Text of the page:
FEATURE 

Centralised vs Local - regional press online

Centralised web development is the order of the day at most regional newspaper groups, but as Andrea Kirkby reports, some regional papers are given the freedom to produce very localised and imaginative content.

By Andrea Kirkby

When the internet first appeared on the scene, its relevance to traditional media was not obvious. Some companies saw it as an opportunity, some as a threat, and others didn't really know what the fuss was about.

Ten years on and it is obvious that the internet has a major place in the strategy for local newspapers. Perhaps it hasn’t been as far reaching a change as some commentators expected – local papers are still with us, and as Johnston Press’s latest results showed, still making good profits – but almost all local papers now have electronic formats and a strategy for improving their use of the internet.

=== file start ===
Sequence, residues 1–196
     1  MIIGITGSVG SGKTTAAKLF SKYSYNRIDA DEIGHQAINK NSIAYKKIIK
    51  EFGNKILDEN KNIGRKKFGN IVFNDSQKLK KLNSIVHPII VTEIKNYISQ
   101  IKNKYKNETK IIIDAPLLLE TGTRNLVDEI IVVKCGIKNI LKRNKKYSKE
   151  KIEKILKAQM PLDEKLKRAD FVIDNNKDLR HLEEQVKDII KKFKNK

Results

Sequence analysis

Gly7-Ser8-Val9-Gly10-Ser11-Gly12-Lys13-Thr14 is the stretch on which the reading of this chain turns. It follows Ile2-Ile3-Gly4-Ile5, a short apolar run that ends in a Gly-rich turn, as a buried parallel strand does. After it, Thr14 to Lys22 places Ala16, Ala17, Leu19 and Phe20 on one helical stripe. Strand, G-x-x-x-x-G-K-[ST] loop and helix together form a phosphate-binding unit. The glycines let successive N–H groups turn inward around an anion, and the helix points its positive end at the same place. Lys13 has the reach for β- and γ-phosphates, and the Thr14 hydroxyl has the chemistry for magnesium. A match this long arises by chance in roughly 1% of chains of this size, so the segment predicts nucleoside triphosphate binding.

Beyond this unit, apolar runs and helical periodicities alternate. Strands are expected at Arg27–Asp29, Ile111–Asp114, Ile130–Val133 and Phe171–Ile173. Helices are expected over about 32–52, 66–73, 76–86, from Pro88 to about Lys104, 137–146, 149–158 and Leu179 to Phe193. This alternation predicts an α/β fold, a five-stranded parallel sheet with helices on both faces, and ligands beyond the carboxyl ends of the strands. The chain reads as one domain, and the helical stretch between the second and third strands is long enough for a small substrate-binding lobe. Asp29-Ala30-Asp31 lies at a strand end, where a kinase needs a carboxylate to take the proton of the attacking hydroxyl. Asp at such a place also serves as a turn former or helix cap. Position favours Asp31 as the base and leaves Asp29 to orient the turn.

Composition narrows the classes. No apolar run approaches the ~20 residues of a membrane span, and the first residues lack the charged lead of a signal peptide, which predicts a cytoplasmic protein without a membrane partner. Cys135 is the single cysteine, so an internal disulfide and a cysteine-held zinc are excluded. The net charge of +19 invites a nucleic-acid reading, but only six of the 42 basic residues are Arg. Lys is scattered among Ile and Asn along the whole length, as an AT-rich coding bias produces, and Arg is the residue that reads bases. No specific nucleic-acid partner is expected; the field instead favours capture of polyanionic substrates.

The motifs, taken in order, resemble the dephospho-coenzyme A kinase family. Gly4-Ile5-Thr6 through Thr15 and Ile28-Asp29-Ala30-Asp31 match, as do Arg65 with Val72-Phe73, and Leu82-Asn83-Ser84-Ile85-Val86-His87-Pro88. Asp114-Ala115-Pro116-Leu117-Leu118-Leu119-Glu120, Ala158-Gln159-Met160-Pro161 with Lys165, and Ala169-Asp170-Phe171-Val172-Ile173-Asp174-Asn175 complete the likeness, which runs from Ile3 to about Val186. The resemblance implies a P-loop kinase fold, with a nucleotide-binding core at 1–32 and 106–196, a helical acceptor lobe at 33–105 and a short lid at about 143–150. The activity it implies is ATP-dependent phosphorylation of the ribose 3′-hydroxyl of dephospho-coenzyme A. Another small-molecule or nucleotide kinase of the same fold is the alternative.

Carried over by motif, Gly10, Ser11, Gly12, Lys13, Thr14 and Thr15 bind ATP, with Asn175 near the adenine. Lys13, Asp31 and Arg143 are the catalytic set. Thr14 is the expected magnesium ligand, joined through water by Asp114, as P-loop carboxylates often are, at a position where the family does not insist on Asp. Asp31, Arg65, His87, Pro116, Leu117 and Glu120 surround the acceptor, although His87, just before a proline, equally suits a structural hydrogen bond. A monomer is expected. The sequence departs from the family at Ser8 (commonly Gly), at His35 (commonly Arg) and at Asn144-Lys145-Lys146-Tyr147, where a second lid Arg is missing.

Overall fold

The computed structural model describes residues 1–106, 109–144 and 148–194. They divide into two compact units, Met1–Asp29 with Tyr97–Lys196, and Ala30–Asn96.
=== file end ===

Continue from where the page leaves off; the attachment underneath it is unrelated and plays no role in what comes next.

Most regional newspaper groups have centralised their web development, fitting local content into centrally generated templates. Northcliffe and Newsquest websites tend to follow a central style. Keith Perch, content director of Northcliffe Electronic Publishing, explains how it works. "We have a central net team which is NEP. However the vast majority of content is locally produced. We have an automated system that picks up literally every word that’s in our newspapers, puts them in a database and is automated by a series of rules to put them on to a website." Everything published in the newspaper is in the database and can be searched for, though only a selection of the content is displayed on links from the front page.